Similarly, if you find your cat or dog eyeing up a fledgling, keep the animal in for a couple of days (or the dog on a lead).  If you find an injured fledgling, contact (in the UK) the RSPCA.  You might phone your local vet as they do sometimes treat wild birds for free.  

Finally, if you discover a baby bird on the ground either with no feathers or covered only with a little coat of "down", it has likely fallen out of the nest ahead of schedule.  Occasionally it is possible to put these babies back in the nest, but only if you are 100% sure of the nest it fell out of.

So now you know.  Why, at my age, didn't I know how fledglings behaved?  We have at least two sets of nesting blackbirds in our hedges every year, and at some point there is always a lot of running up and down the grass and bobbing up and down with several of them at once.  Now I know that they are using our grass for take-off practice!  Keep your eyes open now, you may come across a fledgling for the first time.
Image result for collared dove

Friday, 5 May 2017

Elsewhere - Gabrielle Zevin

  What happens when you die?  An interesting question, and a rather lovely answer in this Young Adult read.  Liz awakes on a boat.  In the bottom bunk of a cabin.  In the top bunk is another girl and neither of them know how they got there and where they are going.  At last the boat reaches shore, and on disembarking, Liz is greeted by a woman who says she is her Grandmother, even though Liz has never met her before.  And where is she?  She is Elsewhere.

Yes, the woman is Liz's grandmother, dead before Liz was born, but certainly appears younger than she should be.  And that's because life in Elsewhere goes backwards - one begins to get younger from the day one arrives.  And one has to get a job, too.

Liz never wanted to die - she wasn't a suicide, she was the victim of a hit and run driver and now she's never going to see her family of best friend again - is she?

There are lots of books about the afterlife, some are best sellers, some are constantly borrowed from  library shelves, some never sell.  This one is probably one of the better ones, and certainly has a lot of charm.  Written for a younger audience, I see no reason why any age group should not read and love this.  I did.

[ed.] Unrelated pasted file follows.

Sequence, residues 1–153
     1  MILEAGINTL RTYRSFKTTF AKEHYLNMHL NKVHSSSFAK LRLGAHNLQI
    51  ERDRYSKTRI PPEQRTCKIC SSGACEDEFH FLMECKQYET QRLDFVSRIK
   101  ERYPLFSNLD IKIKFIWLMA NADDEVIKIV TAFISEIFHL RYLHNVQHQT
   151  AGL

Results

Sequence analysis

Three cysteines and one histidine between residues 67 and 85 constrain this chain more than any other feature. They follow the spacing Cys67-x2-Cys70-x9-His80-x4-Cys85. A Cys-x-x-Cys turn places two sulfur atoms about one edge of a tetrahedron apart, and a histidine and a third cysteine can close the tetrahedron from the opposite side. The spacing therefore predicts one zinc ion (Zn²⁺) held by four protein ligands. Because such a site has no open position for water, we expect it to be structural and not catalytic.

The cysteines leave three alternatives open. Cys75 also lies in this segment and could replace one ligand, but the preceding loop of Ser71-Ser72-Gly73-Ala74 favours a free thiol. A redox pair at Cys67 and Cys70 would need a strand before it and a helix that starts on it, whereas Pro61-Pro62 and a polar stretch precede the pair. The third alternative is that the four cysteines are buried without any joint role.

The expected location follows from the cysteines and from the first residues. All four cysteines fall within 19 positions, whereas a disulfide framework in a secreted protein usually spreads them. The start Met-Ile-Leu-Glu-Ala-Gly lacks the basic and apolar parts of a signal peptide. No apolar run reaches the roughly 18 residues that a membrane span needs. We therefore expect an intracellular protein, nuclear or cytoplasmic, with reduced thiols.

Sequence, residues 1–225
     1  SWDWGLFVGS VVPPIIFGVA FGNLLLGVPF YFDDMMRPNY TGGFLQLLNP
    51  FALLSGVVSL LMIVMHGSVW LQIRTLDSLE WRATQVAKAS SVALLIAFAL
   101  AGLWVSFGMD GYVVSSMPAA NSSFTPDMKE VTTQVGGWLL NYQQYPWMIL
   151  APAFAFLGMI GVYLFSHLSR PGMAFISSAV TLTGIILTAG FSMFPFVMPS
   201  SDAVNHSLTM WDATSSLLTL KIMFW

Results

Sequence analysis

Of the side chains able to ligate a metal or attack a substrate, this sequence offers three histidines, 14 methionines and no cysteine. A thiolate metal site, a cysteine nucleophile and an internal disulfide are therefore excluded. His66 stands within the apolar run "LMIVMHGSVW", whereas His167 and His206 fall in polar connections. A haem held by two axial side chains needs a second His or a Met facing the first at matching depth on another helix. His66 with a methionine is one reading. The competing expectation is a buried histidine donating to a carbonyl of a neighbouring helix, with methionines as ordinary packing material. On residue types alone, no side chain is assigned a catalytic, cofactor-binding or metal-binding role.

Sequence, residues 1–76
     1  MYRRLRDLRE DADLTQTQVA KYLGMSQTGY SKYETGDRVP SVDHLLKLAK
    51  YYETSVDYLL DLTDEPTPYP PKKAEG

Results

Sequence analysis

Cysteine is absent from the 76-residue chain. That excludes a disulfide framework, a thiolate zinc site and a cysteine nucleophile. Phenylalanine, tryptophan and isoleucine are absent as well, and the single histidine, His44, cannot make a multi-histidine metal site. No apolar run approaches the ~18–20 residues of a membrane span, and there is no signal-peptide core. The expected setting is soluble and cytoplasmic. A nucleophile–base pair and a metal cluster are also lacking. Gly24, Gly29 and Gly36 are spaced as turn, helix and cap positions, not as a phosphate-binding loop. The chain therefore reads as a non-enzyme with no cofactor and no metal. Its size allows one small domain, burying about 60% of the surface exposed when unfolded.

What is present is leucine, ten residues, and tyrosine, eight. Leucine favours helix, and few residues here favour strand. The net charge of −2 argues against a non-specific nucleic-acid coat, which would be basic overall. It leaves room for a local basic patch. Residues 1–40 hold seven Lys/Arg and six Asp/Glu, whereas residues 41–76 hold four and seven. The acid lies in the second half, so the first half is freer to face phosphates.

Tuesday, 2 May 2017

After Moses - Karen Mockler


Why was this on my shelf for eight or nine years?  No idea, especially now I have read it and know that it is a damn good read!!   I looked it up for reviews after I'd finished, and could only find one on Amazon UK.  When I look at the US reviews there were only about five - and yet this book has been floating around since 2003.  I've reproduced the UK cover, but although clever and does have a bearing on the story, it is not striking in any way and perhaps that is the problem.  Even on Goodreads the book has quite a small group of readers.

Moses is a small boy.  Around five when his mother is murdered and her will decrees that he should be brought up by his Aunt Ida.  Ida is the middle of three siblings (Shoe (Susan) the mother of Moses, Ida and Johny).  There is a father, but Shoe leaves him before he knows she is pregnant with his child because she realises that he is not the man she wants as a father for that child.  She didn't know she was going to die, but she had left a will, and so Moses goes to live with his grandparents, with Ida being the surrogate mother.  Ida's an artist - she could probably be a best selling artist, but she lives at home, paints her dreams, and is not worried about sales.

And then a man called Max arrives in her life.  This is when the book takes a completely different turn, and I found myself sort of drawing myself away whenever Max spoke.  At first I regarded him as seedy, then manipulative, and then..... then...... No, you are going to have to get hold of a copy somewhere and see what this man really is.  But it will be worth it.  You know those fat books you buy at the airport for a long flight?  Me too.  And I usually forget the story about three days after I turn the last page - but not this one.  This is not the usual page turner at all.  It is beautifully written, and that feeling of dread that crept up on me was so well drawn that I believed that some harm would  come to someone before the book's end.  I was compelled to finish it, and read it in just 24 hours. 

It seems that this is Mockler's only book - pity.  She has been writing another for some years, but I guess life has taken over and she may or may not get round to finishing it.  Wish she would if it is as good as this one!